Cloud computing is a major cause of confusion amongst businesses at the moment. Though it's still not clearly defined, many are calling cloud the "next big thing" and the technology has been the subject of much media and vendor attention. It's no wonder many IT managers find it difficult to sort the hype from the reality.
While cloud computing shows great promise, it isn't all-encompassing. Today it would seem that any organisation's IT accessed and used online is deemed cloud computing. This isn't the case as far as I'm concerned, and this definition doesn't help the industry or users grasp how cloud computing's potential can be exploited.
What is Infrastructure as a Service (IaaS)
For the purposes of this article, I will focus on the infrastructure services side of cloud computing, commonly referred to as Infrastructure as a Service (IasS). What is Infrastructure as a Service? IasS is the rental of shared and virtualised computing processing, memory, and data storage for the purpose of running an operating system such as Microsoft Windows Server or Linux. This is in contrast to the hosted software application side of cloud computing, generally known as Software as a Service, which is not relevant to the topic of this discussion.
Cloud computing is suitable for homogenous applications that do not require much customisation and are not subject to strict compliance regulations. These applications are less mission-critical, so businesses can accept a lower level of service and cope with a less available application. Email and storage of archived data or an application testing platform are prime examples, as most organisations could survive without them for an hour or two. In exchange for less reliability and availability, the service is naturally cheaper.
Cloud computing has huge potential, but the need to demonstrate value against business objectives should always be key to its long term adoption.
Michel Robert, Managing Director, of Claranet UK,
Applications unsuitable for the cloud
Applications that are not suitable for provision via cloud computing tend to be those that are absolutely mission-critical, heavily regulated, and require extensive customisation and management. For example, an e-commerce engine for an online retailer must be audited to comply with PCI-DSS standards, which is practically impossible when the server infrastructure is shared with many other companies. Other examples include financial services applications that carry customer data and development platforms used by software houses. It's important to note, however, that many of these applications may be suitable for provision via an outsourcing arrangement with a managed services provider that uses dedicated infrastructure.
What I believe we'll see develop in the near future is a clear distinction between those who already own the assets to provide large-scale cloud computing and those who don't. For example, we at Claranet have always strived to remain asset-light to retain agility and take advantage of what the cloud can do to help customers. So we're looking at the offerings of big players such as Amazon, Google and Microsoft as they evolve, and are talking to them about using or reselling their services as a component of a broader managed service.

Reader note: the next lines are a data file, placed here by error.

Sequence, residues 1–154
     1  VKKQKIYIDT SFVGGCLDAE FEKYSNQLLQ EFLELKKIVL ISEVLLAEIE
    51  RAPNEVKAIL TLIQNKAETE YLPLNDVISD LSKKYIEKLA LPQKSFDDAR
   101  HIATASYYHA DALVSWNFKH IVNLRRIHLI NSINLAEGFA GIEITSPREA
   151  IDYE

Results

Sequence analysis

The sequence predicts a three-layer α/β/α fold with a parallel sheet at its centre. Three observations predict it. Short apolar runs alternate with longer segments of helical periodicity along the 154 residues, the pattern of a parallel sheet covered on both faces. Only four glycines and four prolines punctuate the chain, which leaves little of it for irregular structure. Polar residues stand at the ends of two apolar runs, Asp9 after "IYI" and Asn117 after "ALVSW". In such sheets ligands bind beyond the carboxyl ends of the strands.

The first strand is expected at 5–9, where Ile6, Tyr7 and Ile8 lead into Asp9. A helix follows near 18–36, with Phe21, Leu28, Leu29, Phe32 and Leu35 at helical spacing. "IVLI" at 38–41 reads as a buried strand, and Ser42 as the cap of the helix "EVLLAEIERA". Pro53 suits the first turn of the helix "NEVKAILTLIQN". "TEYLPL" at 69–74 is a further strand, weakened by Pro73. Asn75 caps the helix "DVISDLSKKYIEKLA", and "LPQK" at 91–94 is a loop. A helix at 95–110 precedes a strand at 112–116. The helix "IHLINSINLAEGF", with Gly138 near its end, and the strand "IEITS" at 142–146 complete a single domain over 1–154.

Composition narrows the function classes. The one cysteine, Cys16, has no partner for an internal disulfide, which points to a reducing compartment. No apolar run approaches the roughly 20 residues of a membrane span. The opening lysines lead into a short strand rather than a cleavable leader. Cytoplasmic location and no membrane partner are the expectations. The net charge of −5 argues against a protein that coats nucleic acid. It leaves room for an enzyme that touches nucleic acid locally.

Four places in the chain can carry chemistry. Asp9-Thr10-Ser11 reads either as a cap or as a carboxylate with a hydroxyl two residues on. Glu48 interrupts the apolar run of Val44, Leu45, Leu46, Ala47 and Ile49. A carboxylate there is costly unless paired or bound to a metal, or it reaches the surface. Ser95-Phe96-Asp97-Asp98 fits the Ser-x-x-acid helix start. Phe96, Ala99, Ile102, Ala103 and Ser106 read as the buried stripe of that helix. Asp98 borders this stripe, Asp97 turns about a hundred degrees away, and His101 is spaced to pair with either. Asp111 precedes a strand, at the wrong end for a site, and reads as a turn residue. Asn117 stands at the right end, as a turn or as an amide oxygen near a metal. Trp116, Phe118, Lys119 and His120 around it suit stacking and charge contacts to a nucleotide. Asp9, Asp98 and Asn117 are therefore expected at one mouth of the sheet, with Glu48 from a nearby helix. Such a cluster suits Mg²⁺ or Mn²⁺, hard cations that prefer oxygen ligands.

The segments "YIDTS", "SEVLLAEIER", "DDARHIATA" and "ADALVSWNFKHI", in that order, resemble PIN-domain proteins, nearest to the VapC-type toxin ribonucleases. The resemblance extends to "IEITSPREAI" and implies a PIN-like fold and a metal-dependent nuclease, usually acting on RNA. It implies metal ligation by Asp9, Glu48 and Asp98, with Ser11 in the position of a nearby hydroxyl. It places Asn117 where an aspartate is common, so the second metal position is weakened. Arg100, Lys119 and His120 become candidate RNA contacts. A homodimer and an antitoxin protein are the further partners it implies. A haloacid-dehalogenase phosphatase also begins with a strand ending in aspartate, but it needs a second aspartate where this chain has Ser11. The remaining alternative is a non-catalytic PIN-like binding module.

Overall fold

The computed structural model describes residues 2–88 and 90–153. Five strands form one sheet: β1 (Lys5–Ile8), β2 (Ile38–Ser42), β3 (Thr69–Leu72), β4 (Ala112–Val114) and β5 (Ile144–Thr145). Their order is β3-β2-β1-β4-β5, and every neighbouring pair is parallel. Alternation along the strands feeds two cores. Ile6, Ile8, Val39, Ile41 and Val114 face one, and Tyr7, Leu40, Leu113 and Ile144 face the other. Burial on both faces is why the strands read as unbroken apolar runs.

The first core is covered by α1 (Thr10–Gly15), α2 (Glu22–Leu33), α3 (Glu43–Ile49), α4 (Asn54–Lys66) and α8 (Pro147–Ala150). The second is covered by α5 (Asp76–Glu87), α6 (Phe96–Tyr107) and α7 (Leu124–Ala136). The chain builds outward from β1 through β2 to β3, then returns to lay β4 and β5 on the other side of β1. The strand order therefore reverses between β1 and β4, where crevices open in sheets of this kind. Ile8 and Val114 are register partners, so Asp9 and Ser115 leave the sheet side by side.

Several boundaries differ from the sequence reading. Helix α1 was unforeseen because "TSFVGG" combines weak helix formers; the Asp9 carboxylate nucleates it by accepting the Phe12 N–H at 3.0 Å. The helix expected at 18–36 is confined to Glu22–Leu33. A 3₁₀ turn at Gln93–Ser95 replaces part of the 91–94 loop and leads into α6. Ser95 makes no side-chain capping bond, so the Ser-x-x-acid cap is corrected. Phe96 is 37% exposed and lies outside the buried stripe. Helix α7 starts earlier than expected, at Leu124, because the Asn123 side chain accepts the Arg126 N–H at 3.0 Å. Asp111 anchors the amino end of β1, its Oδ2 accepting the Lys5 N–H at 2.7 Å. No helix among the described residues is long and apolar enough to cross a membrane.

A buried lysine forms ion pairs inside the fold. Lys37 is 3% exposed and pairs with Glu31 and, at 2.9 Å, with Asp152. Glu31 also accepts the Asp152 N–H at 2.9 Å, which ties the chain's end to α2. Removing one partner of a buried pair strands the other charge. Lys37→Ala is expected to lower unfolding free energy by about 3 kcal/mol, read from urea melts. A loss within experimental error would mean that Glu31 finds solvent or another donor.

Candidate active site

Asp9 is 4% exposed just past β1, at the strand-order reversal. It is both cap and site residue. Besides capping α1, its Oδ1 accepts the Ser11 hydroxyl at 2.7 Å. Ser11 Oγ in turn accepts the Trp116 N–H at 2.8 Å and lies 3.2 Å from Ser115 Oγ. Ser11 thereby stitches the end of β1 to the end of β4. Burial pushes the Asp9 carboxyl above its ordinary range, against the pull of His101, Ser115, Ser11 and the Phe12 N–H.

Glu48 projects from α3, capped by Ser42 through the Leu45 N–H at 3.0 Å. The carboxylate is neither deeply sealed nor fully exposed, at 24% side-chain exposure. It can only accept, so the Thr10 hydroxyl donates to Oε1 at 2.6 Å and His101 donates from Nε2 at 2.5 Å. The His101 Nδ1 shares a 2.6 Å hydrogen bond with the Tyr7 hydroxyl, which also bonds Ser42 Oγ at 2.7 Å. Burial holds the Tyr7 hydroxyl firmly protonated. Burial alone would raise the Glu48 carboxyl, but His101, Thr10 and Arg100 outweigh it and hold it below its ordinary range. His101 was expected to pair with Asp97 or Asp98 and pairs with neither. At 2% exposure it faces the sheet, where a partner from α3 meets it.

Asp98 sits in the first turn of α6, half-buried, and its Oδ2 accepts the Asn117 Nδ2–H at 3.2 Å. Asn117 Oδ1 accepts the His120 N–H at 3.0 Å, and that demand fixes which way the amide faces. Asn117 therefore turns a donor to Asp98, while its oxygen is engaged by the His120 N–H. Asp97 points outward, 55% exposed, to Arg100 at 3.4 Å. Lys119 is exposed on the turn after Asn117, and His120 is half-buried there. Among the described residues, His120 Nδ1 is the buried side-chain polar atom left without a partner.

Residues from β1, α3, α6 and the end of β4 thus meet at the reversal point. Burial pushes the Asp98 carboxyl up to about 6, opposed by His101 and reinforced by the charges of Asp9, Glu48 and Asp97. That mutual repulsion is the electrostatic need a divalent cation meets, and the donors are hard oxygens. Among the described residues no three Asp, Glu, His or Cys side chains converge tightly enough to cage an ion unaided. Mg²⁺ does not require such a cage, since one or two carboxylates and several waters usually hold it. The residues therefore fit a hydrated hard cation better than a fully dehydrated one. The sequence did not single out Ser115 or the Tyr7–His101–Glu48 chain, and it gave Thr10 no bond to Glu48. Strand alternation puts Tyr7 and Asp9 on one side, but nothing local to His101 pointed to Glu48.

SMEs benefit from managed service providers
From a purchaser's perspective, most small and medium-sized enterprises (SMEs) benefit from cloud computing already if they buy online services, but they wouldn't necessarily know it. Some SMEs may also have very specific infrastructure requirements that could be enabled directly in the cloud, but I believe these organisations are in a very small minority. So for infrastructure as a service sold directly to SMEs, the market won't be large. However, the market for managed service providers selling infrastructure services to SMEs and using the cloud for some parts of the infrastructure, the opportunities are huge.
Practical advice for IT managers in SMEs
• First, I cannot stress enough the importance of clarity around the service-level agreement (SLA) and, in particular, how important it is to have an SLA on all IT services, from office to cloud hosting. This ensures that when something goes wrong, no one gets caught finger pointing.
• Many IT managers are attracted by the low price of storage services like Amazon's S3 offering. It certainly does offer good value for the money, but it is purely for storage, not applications, and by looking around you may find better value through bundled services.
• It seems that there is an erroneous view among IT managers that cloud hosting is just a pound-per-hour model. However, don't forget that once you go above one physical machine, it's far more cost effective to have a hybrid cloud or dedicated hosting model where predictable usage is served by the dedicated infrastructure and the occasional burst is managed in the cloud.
• It's important to pick an IT vendor who isn't wedded to one particular technology or cloud infrastructure so that you have more choice. Cloud is still developing and you don't want to be stuck with the wrong technology.
• Lastly, finding a clear, workable definition of cloud computing is important to understanding it and its potential. However, what is most important is how businesses start using cloud in their IT strategies. Ultimately it's a question of what businesses need from their IT function and, in the case of outsourced IT, the level of service required for them to operate and grow. This applies whether it is archived storage in the cloud with no availability guarantee or dedicated hosting and application management guaranteed by one end-to-end SLA.
Cloud computing has huge potential, but the need to demonstrate value against business objectives should always be key to its long-term adoption.
Michel Robert is the managing director of vendor-independent managed service provider Claranet UK.